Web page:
The practical diaphragm stethoscope was developed and patented by Dr. Robert C.M. Bowles in 1894. The original version had a flat diaphragm chest piece that could be used with or without a short rod that screwed into the diaphragm in order to localize heart sounds. The chest piece could be connected to a typical Cammann type binaural ear piece or, alternatively, could simply be used by applying the ear directly to the hollow opening of the chest piece. In 1901, Bowles patented a version of this stethoscope that became the commonly used type in the early 20th century. The sole manufacturer of the Bowles stethoscopes in America during the first half of the 20th century was George P. Pilling Son Co. of Philadelphia.



A Pilling Special Bowles Patent stethoscope with original rubber tubing, circa 1901. The stethoscope belonged to Dr. William F. Muhlenberg, great, great grandson of Henry Melchoir Muhlenberg, the founder of the Lutheran Church in America. Dr. Muhlenberg was born in 1852 in Gettysberg, PA, attended Muhlenberg College and recieved his medical degree from the Unniuversity of Pennsylvania in 1872. He was a prominent surgeon who practiced in Reading, PA and was on the staff of Reading Hospital. Dr. Muhlenberg served as President of the Berks County Medical Society in 1883. He died in 1915 from Myocarditis in Reading. His stethoscope came from the estate of Dr. Muhlenberg's grandson, Dr. John Peter Gabriel Muhlenberg of Berks County, PA, whose namesake was his great, great, great, great uncle of one of George Washington's revolutionary war Generals serving with him at Valley Forge, John Peter Gabriel Muhlenberg son of Henry Melchoir Muhlenberg.

A Bowles combination stethoscope was patented in 1902. It had a diaphragm chest piece, which was intended to be used interchangeably with a Ford chest piece. This was the first type of combination bell and diaphragm stethoscope.

Pilling combination stethoscope, together          Pilling combination stethoscope,  apart                 Klagges combination stethoscope, together        Klagges combination stethoscope, apart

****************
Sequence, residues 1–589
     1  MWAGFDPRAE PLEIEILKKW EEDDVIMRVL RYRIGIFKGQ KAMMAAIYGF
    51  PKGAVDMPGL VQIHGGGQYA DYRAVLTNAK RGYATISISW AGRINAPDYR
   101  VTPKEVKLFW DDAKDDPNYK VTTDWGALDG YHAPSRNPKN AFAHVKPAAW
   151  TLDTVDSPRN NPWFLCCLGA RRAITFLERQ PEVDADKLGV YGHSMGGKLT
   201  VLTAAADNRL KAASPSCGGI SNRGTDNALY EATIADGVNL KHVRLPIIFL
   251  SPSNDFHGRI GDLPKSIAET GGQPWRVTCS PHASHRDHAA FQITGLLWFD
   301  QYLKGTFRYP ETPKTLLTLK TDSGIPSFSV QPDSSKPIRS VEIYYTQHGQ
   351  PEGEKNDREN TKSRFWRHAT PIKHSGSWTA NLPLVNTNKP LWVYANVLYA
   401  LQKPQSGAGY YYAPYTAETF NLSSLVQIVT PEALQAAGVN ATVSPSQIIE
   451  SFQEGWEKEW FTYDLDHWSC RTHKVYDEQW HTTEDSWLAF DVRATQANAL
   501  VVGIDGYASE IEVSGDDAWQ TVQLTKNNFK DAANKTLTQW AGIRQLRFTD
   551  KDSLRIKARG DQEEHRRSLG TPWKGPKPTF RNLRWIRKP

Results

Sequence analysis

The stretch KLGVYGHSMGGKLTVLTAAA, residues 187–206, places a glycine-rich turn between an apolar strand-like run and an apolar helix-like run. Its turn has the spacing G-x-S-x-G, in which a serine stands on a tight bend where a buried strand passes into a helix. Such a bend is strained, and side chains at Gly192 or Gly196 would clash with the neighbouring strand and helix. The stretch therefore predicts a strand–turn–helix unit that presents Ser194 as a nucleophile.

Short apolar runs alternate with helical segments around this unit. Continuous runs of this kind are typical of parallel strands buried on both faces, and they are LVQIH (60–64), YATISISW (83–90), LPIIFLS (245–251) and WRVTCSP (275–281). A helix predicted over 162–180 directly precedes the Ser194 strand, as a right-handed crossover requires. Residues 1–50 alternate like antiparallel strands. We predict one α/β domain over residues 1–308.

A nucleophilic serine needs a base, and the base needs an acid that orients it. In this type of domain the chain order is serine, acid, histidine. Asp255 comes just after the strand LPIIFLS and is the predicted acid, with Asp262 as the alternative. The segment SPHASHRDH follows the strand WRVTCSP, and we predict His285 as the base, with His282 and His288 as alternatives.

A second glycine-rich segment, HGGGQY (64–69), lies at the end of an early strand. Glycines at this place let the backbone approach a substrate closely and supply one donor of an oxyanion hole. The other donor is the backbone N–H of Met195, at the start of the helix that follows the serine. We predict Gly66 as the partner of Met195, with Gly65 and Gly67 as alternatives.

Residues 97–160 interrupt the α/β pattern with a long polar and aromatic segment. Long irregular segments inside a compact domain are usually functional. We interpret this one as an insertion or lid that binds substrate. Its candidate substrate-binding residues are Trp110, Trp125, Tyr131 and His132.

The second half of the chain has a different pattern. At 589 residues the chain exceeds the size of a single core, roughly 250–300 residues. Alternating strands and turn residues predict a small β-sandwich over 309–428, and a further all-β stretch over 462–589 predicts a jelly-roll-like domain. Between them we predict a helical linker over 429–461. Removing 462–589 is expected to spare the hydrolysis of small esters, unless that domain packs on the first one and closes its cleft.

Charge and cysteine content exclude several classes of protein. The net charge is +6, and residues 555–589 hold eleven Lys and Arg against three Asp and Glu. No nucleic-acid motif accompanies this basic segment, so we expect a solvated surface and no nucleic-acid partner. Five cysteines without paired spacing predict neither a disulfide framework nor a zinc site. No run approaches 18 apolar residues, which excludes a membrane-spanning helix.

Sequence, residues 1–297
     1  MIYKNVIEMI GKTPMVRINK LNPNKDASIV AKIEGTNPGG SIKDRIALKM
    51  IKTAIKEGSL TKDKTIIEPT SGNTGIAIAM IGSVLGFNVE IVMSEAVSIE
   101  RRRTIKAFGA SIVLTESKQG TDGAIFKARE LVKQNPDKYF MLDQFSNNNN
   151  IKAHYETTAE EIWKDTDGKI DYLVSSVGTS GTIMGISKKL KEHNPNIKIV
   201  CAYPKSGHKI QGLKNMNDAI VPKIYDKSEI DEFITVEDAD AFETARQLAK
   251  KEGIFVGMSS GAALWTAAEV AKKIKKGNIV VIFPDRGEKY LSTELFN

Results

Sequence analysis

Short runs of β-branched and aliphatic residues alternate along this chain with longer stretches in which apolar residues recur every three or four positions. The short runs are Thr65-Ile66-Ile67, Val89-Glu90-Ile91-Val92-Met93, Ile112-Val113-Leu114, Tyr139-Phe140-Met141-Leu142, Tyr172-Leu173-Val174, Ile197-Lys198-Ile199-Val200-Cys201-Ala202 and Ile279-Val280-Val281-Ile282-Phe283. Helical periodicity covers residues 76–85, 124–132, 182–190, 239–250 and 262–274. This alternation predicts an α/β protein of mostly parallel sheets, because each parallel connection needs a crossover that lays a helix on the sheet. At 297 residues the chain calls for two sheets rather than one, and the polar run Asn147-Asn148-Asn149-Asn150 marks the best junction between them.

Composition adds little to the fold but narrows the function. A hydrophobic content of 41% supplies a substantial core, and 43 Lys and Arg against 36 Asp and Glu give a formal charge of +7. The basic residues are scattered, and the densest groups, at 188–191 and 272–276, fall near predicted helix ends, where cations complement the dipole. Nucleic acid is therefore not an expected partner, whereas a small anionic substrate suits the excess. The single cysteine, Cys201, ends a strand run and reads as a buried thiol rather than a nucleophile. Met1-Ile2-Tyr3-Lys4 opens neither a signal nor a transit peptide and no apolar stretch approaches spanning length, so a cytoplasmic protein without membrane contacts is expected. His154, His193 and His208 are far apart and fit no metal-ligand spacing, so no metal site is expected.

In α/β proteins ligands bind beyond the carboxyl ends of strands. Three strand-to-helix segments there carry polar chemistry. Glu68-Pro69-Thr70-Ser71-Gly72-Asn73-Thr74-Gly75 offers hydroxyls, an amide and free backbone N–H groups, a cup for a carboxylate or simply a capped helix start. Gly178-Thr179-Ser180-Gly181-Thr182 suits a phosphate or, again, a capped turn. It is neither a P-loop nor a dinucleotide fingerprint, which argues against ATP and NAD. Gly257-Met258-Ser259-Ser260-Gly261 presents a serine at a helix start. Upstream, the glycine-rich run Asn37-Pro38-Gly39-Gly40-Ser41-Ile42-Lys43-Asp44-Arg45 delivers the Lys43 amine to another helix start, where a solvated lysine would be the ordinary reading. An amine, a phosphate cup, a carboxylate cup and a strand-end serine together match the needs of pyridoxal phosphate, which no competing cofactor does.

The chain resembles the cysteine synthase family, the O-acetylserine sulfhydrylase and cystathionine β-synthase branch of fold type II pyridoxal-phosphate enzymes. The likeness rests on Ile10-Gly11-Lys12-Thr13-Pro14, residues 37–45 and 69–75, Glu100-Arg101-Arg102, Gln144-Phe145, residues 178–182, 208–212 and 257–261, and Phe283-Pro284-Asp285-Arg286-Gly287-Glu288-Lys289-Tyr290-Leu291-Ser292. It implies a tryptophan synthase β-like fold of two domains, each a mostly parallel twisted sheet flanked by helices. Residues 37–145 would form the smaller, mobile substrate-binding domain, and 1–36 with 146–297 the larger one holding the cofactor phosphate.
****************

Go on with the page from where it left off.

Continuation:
The photos shown above on the left are the Pilling version of this stethoscope, circa 1910. The stethoscope is displayed with the Bowles diaphragm chest piece separate from the Albion Ford chest piece and with the Bowles diaphragm chest piece inserted by a Bloomfield connector into the Ford bell, converting the stethoscope to a Bowles diaphragm model. The photos shown on the right are the Klagges model of this stethoscope, circa 1940. The stethoscope has plastic Ford bell and Bowles diaphragm chest pieces displayed in the same manner as the photos on the left. Note the metal cover that is clipped onto the Bowles chest piece to protect the plastic diaphragm when it is not in use for auscultation. 

At the turn of the century when membrane stethoscopes were coming into widespread use on binaural stethoscopes, the use of a membrane on monaural stethoscopes was distinctly unusual, although an early twentieth century Aesculap catalogue shows a metal monaural with a membrane cap that could be placed on or taken off the chest piece. Below is a unique example of a monaural membrane stethoscope.


Shown above is a unique monaural Membran Stethoskop and its original box made in Germany, circa 1920. The stehtoscope has a membrane that screws onto both inter-changealble chest pieces, as well as in the ear piece. The membranes are made of a clear plastic material (although they look black in the image). There is an anti-chill rubber ring that fits onto the rim of the chest piece as shown in the chest piece on the left. There is no makers mark on the stethoscope, and this sethoscope may have been made specially for an individual physician.

Also during the first part of the twentieth century, there was considerable interest in developing stethoscopes that differentiated the intensity of heart and lung sounds. Notable examples were the Diffrerential Stethoscope of Dr. O. Leyton and the Symballophone of Dr. William J. Kerr.

Lyeton Stethoscope             Lyeton Stethoscope           Lyeton Stethoscope          Lyeton Stethoscope

A unique Leyton Differential Stethoscope, circa 1918. Dr. O. Leyton based its design on the differential stethoscopes developed by H. Bock and M. Y. Oertel. The differential stethoscope was used to determine the relative intensities of heart sounds. The screw mechanism could be adjusted to allow for greater or lesser transmission of sound through the chamber and therefore record the intensity of sound. The stethoscope head shown on the two photos to the left was sold either separately or with binaural earpieces. The photos on the right show the original box that contained the stethoscope head and article with a description of the construction of the stethoscope and instructions on how to use the differential stethoscope.